Muscat: Oman’s diversity will be on full display this Eid Al Fitr, as people across the Sultanate celebrate the biggest day of the year in their own traditional style.
From prayer to special dishes and traditional dances, Eid in Oman differs from place to place, making every celebration unique. Times of Oman asked people across Oman to tell us what Eid in their area was like and the answers were a thrilling example of the Sultanate’s rich, multi-cultural diversity.
All the way down south in Dhofar, preparations begin before Eid itself. Isra Ba Oqba said, “In Dhofar, we cook a meal called ‘Al Majeen’ the day before Eid so that it will be ready to be shared with guests who visit us the next day. We always present it alongside desserts and pastries.” Al Majeen is made from strips of meat that have been dried in the sun for a day or more.
Oqba added, “The most important part of Eid begins after the men return from the prayer. We greet and wish each other a blessed Eid before going out to visit our neighbours. After that, the men take the children on visits to all the houses of their tribe. The women, on the other hand, during the first day, gather in the house of the father or grandfather. With visits to relatives, Eid can last a week or more.”
“We don’t have a special meal for Eid in Musandam. We offer sweets, rice and grape leaves to the guests,” Kholoud Al Kahmzari told the Times of Oman. Usually, on the first day of Eid, the entire family gathers in what we call a ‘big house’, which is usually the house of my grandfather and grandmother. There, we meet up with all our uncles and aunts and their children before going back home,” he added.
North Al Batinah
Said Al Badi from Al Batinah described how the men in wilayat Saham celebrate Eid. “Our celebrations last three days. On the first day, everyone gathers for Eid prayers early in the morning, after that men head to gathering halls such as a ‘majlis’ or ‘sabla’ where we eat traditional foods such as ‘harees’, ‘thareed’, and different sweets. After that, everyone heads out to visit their families and neighbours. We normally start during lunch time and continue into the evening.”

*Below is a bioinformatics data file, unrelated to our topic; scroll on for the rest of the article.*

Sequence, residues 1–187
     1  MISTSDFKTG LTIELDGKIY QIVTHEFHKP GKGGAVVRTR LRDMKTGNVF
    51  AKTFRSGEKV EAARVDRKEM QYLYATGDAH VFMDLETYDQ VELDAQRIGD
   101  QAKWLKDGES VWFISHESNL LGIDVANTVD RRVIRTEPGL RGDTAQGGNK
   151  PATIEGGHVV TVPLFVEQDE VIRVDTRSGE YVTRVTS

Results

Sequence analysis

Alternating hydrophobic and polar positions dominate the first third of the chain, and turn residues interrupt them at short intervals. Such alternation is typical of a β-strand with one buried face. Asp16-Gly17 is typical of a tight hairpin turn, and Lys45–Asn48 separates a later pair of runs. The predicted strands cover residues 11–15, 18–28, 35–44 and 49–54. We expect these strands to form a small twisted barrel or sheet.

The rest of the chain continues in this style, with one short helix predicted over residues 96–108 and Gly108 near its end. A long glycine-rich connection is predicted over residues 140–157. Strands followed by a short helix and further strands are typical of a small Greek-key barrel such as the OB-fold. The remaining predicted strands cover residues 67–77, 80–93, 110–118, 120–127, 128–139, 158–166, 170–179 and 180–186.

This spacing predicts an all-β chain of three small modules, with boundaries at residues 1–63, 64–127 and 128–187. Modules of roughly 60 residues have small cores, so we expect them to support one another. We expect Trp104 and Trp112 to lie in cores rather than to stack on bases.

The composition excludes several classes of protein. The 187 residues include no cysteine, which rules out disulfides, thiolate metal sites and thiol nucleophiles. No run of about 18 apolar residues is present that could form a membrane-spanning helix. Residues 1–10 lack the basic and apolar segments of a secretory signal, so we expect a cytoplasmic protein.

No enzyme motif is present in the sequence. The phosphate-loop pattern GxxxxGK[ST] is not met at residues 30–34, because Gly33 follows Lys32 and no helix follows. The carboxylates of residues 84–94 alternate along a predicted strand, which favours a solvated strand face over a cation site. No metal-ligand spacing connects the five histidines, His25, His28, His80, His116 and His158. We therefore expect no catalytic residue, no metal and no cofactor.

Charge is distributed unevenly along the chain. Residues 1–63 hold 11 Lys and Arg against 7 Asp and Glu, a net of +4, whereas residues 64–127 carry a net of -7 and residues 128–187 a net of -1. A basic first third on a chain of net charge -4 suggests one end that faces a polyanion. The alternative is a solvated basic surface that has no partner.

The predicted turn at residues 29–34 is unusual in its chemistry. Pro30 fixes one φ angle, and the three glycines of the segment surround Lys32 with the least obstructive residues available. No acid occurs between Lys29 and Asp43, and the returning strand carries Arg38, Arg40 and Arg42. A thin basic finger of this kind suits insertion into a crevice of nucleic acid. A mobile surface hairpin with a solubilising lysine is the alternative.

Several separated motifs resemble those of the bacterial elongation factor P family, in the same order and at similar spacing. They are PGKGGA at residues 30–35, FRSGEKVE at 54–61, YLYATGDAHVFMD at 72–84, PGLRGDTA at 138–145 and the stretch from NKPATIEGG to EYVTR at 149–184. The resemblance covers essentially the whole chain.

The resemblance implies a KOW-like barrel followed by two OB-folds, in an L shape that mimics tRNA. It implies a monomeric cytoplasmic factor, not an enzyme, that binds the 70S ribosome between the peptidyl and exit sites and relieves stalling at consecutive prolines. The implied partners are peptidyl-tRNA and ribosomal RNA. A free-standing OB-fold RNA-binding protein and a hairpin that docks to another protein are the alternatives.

“On the second day, we meet family again for lunch and dinner. Throughout the three days, we eat rice and meat for lunch, while for dinner we have bread with either 'mishkak' or 'mqalaiy'. Like many other parts of Oman, we have 'shuwa' on the third day,” said Al Badi.
“Halwa, Omani coffee, and Shuwa are all a must during Eid. In my village, we prepare the shuwa by placing the mutton or beef into a hole on the first day after Dhuhr or Asr prayers, as the meat needs one-to-two days to cook,” he added.
Al Sharqiyah South
In the South Al Sharqiyah province, traditions widely vary from town to town.
Haitham Al Arimi, an Omani from Jalan Bani Bu Ali, said, “Our special Eid meal in Jalan is ‘arseia mixed with meat’. We usually eat it early in the morning. Then we start visiting our relatives and neighbours.”
“Additionally, we also hold horse shows and shooting competitions on the second or third day of Eid alongside traditional dances,” Al Arimi added.
Residents from Sur, on the other hand, prefer a more musical approach to their Eid festivities.
Abdullah Darwishi, a native of Sur, said, “On Eid, we perform all our traditional dances including the ‘razha’ and ‘masendo’.”
“We usually begin with a ‘razha’ after the Eid prayer. Then, after Asr, we perform another traditional dance using the masendo drums. The latter is sometimes done every day of Eid at the same time, after the asr prayer. We do not eat anything specific. What makes our Eid unique are the traditional dances that we perform, which are mostly specific to Sur,” he added.
Like many of his fellow Omanis, Ibri-resident Ahmed Al Hatimi feels Eid is the best time to visit family and friends.
“On the first day of Eid, we go to the mosque for prayers and then we exchange greetings,” he said.
Al Hatimi added that they gather like many others in the wilayat at the village Majlis, drinking Omani coffee with Omani halwa.
“After that we go to all the houses in the villages to visit relatives, the elderly and people who are sick to share our happiness with them. It’s great because it strengthens the ties that bind the entire village together,” he said.
In some parts of Ibri, folklore songs and traditional dancing add fanfare to the Eid celebrations.
“We start slaughtering animals on the first or second day of Eid. On the third day, we prepare mishkak, a traditional Omani dish made by grilling pieces of beef, mutton or chicken,” said Al Hatimi.
While many Omanis who live in Muscat travel back to their hometowns or villages for Eid, those who remain in the capital have their own set of traditions.
Many Omanis told the Times of Oman that they spent the first day visiting their families, while on the second day they prepared shuwa and often ate it at farms. While some preferred a quiet third day of Eid, others usually spent the entire day with family.